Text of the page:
This theory doesn't wash. By most accounts, Rumsfeld was bent on war with Iraq from the first moments after 9/11. His push for a small invasion force—which he demanded, and micromanaged, in the face of fierce resistance by the Army establishment—stemmed not from tepidity but from deep enthusiasm for "military transformation," a theory that touts light, lithe, high-tech forces. It was a theory that seemed redeemed by the unconventional invasion of Afghanistan. And, as things turned out, it was further vindicated by the first month of the war in Iraq—the battlefield phase of the war.
Which leads us to the ultimate source of the problem: Rumsfeld and most of the others who planned the war thought the battlefield phase would be the only phase; contrary to advice from the CIA and the State Department's regional specialists (whom the White House and Pentagon brusquely ignored), they truly believed that the aftermath wouldn't be a problem. Saddam would be ousted, freedom would be rung, flowers and candies would be flung, Ahmad Chalabi and his militia would ascend to power, and our troops would be home by Christmas, if not by the Fourth of July.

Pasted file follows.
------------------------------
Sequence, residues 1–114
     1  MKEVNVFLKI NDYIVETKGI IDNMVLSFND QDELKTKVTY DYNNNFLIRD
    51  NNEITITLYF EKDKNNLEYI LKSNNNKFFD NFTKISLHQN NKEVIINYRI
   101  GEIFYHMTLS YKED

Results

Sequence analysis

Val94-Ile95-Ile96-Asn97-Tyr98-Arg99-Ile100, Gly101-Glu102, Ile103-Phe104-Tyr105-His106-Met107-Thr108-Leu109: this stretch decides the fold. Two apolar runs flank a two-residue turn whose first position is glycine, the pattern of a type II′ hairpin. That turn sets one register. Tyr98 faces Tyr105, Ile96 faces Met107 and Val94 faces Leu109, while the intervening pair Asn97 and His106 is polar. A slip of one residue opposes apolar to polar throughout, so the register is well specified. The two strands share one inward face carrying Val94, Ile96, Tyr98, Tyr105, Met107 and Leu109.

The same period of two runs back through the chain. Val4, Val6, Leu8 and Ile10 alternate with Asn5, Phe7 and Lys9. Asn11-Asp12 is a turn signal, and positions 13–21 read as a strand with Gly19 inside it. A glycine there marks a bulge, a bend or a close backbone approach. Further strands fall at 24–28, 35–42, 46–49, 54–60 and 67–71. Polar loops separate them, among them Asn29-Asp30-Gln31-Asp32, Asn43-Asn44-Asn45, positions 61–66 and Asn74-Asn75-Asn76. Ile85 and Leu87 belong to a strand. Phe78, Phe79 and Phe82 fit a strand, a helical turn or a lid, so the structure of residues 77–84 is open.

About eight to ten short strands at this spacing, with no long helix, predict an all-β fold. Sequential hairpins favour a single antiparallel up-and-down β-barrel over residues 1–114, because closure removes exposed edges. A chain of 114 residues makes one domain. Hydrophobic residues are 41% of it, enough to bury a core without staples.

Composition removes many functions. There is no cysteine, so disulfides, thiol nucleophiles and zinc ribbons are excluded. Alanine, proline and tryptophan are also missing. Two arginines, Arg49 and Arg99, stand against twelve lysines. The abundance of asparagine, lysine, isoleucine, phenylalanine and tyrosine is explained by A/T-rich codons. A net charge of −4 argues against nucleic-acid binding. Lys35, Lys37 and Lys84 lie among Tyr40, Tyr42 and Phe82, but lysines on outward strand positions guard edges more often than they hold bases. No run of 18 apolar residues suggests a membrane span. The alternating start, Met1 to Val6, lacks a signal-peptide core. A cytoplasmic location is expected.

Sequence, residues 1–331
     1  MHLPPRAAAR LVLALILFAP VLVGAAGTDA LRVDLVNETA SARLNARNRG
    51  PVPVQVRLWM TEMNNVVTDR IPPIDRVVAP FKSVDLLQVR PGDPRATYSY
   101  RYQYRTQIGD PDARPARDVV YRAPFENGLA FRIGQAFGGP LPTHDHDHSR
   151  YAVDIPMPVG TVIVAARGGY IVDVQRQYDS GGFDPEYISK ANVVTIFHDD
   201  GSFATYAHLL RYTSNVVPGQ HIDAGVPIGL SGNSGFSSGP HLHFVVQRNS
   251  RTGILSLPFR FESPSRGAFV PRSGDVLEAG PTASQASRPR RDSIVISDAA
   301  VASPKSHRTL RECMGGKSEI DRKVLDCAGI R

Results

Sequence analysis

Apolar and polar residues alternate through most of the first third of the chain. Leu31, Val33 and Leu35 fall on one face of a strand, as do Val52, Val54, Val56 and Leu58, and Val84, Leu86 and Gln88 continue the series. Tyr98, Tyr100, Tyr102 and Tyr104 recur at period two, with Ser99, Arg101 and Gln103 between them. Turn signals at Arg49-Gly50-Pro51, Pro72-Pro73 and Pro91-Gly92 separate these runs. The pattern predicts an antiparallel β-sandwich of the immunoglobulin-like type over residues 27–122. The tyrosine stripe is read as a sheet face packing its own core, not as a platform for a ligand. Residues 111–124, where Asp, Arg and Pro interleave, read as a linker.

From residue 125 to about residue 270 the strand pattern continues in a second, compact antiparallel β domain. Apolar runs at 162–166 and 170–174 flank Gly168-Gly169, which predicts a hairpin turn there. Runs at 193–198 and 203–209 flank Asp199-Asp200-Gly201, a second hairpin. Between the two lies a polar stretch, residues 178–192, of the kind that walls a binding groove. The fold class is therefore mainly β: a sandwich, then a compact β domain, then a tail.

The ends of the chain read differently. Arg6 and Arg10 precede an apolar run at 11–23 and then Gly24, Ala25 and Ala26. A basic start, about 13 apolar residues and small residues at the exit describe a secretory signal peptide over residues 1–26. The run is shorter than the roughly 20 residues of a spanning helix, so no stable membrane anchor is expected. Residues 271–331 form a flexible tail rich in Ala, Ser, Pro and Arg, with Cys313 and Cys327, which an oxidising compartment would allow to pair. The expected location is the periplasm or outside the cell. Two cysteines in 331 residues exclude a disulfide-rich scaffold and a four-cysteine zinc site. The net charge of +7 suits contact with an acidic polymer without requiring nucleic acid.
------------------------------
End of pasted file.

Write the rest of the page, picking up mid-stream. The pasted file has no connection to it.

The civilian hawks and neocons weren't alone in this shortsightedness. Military leaders were culpable as well. In 2002, the Army and Air Force conducted war games that simulated an invasion of a country resembling Iraq. In both cases, victory was declared with the toppling of the enemy's leader—not with the accomplishment of the larger strategic goals. As the real war began in the spring of 2003, there was no Army field manual on what used to be called "war termination"—i.e., how to end a war and what to do afterward.
By summer, it was clear to many that capturing Baghdad wasn't synonymous with victory. But the mantra within Bush's inner circle, on all matters of high policy, was firm: Never admit mistakes, never alter course. All hell broke loose in Iraq, and our leaders let it. By the time their attitude changed, and they realized the need for concessions to reality, it was in many ways too late. They never forged a coherent new policy, so even their adjustments were fitful and ad hoc.
Hence the bizarre attempt to seek a formula for victory from the grim playbooks of Vietnam. Hence the thoughtless order to shoo the genuinely productive David from the deadly deserts of northwestern Iraq.